I have a few things to say before I go. I've been trying to figure out the right way to put them, but this COVID situation has helped even more to put things in perspective. I do not pretend to know more than any of you but would like to share some things I wish I understood better during my career. This most likely will be long, but I'm reasonably certain most of you have plenty of time to read this right now. I have always believed Hotshots to be at the front of a learning culture, so I decided to talk about some things I know most of us experience. You might not think of, and many will not see things the same as I did; just know I'm putting it all out there, so maybe it helps someone.

I don't have to tell any of you what being a Hotshot means. I could go on and on—so much good. Everything is earned and learned through pain, hard work, and teamwork. Being part of the solution to some of the most challenging and most complex problems that are not comparable to many professions. I am proud of being a Hotshot and having worked from the bottom to the top of a crew—so many friends and laughs, what a family.

I do believe it is the best job in the world. It has molded and pushed me. I was drifting in and out of what I wanted to do early in life. I was a temp working on engines and driving my parents crazy with my lack of direction, and honestly, I would fire my former self—many times. Then I got a job on the Eldorado IHC, and yes, it was because of my Dad. I still don't know if my Dad was expecting what happened or just wanted me to get my butt whooped, but I definitely hadn't done enough to earn a good reference from my previous modules.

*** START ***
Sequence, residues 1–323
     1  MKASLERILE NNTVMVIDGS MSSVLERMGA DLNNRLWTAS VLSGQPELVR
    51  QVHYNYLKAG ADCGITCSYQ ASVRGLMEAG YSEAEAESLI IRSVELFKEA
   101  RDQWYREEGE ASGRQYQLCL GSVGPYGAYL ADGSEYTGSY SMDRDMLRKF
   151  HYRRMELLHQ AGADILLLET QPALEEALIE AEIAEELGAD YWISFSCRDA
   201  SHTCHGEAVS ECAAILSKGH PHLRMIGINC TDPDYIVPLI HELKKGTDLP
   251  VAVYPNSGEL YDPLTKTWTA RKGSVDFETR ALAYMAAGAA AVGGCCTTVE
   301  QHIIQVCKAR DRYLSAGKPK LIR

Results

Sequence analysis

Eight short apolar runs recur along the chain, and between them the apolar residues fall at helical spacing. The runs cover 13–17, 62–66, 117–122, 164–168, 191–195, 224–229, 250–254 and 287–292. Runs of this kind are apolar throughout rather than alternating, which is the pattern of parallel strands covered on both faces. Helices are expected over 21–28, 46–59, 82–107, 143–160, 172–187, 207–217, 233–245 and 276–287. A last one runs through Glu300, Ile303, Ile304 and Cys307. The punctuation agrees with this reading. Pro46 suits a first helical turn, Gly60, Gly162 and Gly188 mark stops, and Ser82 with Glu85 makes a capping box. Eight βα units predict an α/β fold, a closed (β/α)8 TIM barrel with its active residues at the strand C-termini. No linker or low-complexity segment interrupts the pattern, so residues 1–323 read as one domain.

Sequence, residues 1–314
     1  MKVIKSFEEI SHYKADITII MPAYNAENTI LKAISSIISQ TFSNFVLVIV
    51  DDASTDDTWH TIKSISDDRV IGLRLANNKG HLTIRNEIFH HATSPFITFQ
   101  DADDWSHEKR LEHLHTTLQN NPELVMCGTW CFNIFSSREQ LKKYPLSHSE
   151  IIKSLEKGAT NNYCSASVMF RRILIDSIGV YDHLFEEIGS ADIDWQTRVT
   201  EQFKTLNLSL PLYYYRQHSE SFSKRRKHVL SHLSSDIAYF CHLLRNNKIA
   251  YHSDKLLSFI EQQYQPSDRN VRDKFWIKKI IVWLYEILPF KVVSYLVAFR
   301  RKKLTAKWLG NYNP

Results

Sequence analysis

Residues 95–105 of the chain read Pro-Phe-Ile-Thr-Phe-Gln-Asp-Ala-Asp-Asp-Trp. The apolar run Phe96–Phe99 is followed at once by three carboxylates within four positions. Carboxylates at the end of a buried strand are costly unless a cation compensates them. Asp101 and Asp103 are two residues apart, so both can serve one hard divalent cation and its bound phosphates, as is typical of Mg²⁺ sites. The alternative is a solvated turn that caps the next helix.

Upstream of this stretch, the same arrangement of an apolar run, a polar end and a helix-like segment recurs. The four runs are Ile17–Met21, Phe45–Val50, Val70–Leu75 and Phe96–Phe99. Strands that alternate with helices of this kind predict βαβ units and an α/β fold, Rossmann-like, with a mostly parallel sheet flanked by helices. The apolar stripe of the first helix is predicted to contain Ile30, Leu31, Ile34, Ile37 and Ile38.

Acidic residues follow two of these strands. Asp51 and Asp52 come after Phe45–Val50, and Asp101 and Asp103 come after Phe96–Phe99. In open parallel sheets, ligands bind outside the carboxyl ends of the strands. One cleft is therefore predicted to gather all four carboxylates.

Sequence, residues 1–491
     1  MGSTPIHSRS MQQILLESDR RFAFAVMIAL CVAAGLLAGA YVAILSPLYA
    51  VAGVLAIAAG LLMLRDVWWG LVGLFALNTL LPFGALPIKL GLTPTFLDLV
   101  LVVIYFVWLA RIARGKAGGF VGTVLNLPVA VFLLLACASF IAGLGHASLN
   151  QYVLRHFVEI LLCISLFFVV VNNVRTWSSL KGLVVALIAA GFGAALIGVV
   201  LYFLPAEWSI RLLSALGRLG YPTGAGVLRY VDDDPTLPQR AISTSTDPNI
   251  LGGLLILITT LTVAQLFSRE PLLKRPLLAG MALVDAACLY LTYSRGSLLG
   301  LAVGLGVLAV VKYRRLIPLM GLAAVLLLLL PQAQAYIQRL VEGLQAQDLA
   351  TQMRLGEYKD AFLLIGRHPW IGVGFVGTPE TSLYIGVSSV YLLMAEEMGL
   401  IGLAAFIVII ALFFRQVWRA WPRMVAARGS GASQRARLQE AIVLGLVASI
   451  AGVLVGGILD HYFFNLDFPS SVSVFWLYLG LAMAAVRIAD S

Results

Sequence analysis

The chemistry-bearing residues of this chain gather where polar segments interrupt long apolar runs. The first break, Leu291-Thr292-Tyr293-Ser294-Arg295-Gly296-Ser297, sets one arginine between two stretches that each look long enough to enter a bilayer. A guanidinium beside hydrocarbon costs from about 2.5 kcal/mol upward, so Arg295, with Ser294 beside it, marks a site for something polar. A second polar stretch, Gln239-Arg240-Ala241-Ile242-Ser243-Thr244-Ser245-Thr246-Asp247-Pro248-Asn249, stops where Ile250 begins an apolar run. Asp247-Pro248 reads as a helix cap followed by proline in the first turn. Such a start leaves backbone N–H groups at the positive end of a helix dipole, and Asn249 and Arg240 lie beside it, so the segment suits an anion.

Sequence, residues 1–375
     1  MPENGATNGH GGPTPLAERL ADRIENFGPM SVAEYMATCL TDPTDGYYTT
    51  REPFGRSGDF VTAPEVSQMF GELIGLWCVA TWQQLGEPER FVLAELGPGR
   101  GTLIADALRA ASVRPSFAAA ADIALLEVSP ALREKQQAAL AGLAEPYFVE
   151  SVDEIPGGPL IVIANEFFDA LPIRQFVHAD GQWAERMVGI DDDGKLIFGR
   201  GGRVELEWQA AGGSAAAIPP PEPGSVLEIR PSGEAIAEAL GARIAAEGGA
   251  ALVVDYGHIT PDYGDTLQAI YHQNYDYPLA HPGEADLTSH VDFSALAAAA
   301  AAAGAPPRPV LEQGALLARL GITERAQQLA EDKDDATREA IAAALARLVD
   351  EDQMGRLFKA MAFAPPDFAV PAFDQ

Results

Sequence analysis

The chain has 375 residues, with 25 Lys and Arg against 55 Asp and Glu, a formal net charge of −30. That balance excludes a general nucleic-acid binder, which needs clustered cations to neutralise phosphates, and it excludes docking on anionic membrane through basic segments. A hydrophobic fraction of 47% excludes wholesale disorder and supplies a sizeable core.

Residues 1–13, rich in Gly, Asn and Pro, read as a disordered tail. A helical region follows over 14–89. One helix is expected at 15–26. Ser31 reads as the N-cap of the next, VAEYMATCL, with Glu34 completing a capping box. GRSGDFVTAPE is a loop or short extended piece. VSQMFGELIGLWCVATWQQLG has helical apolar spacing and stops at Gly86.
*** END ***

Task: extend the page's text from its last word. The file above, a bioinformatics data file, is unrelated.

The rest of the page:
I almost quit the first week of being a Hotshot—the pain I felt and the realization that it would get harder. I was soft and insecure; I was lazy. My parents did not raise me like that; I just was. At the end of the first week, I woke up feeling physical pain I had never felt in my life. I almost walked away. The only reason I did not was my Dad.

Although I am sure he saw and heard the dumb stuff I was doing, he put his name on the line for me to get a job on the crew. That moment changed everything in my life. We all have many paths we follow and stray sometimes, but knowing how disappointed my Dad would be changed me. My life would have been absolutely 100% different, and I am really grateful for the opportunity to walk the fire line with all of you. This job led to my friendships with you, and most importantly, my wife and kids—although this homeschooling and lockdown with the kids currently are incredibly challenging.

As the season and years went by, I found the structure, cohesion, and teamwork needed in my life. The relationships with crew members are indescribable—it's that moment you realize that the team is more important than the individual and everyone needs to bring forward their best to help the team—that on any given day someone will need you to pick them up because today is not their day...and knowing your turn is coming to be the one in need of being picked up. It felt special, and I knew then what I wanted to do with my life. The feeling of pride to wear your crew shirt and know what you went through to earn the salt stains and stench...looking around the crew and fire camp and seeing the long stares and limps and the people scratching their oak and the others who manage to have a gift to take naps anywhere, anytime.

The longer you do this job, especially being a Hotshot( or IMT member), ensures you will be involved in or will be affected by fatalities or serious injuries—the number of shifts, miles driven, and time hiking under burning trees and rolling rocks—I'll stop there; it's a long list. Everything I just talked about with teamwork and the love you have for your crew members makes these things equally easier and more challenging. You have your crew to talk to and work with, drink with, and cry with—but when it directly is one of you, it is like a family member. As a crewmember, you ask the why's and tell yourself it won't happen to you. As a supervisor, you live with it every day and every night. The more you take on without realizing all of the impacts each incident has, the longer you stay in the redline—meaning maxed out)—each incident adding up.

Putting the crew's needs first is much needed but comes with a price. I did not do a good job of taking care of myself. I have done a terrible job of taking care of my family. I always said the right things, but I didn't truly live them. I won't go into details because I do not want to bring back memories for some, and I also do not know how to write about them.